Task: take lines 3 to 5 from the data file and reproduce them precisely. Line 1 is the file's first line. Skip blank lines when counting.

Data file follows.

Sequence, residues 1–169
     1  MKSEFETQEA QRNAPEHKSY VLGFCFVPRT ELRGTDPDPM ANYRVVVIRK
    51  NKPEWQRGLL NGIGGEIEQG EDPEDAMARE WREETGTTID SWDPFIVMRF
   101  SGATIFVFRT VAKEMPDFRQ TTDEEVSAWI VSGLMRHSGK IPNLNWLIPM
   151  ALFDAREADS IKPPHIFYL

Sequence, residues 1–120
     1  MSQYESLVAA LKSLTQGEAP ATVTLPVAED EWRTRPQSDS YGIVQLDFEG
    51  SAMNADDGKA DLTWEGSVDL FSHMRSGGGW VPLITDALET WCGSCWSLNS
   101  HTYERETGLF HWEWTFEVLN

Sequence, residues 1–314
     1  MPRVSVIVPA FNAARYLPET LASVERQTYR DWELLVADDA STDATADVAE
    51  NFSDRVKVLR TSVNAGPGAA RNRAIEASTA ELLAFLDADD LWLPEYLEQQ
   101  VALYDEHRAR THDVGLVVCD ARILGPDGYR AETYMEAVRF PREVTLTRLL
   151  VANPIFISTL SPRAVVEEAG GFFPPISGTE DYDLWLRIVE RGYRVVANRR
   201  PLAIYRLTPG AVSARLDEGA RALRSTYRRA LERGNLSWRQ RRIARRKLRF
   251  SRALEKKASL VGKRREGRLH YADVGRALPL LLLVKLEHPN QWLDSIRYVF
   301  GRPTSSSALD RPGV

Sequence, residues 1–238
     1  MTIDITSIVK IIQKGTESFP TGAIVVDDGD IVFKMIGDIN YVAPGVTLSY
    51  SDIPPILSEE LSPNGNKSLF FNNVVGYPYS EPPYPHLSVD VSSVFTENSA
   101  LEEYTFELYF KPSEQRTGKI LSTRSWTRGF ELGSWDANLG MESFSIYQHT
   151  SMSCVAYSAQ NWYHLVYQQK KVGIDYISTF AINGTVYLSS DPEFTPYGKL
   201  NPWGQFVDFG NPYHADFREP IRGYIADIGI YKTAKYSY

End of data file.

    51  NKPEWQRGLL NGIGGEIEQG EDPEDAMARE WREETGTTID SWDPFIVMRF
   101  SGATIFVFRT VAKEMPDFRQ TTDEEVSAWI VSGLMRHSGK IPNLNWLIPM
   151  ALFDAREADS IKPPHIFYL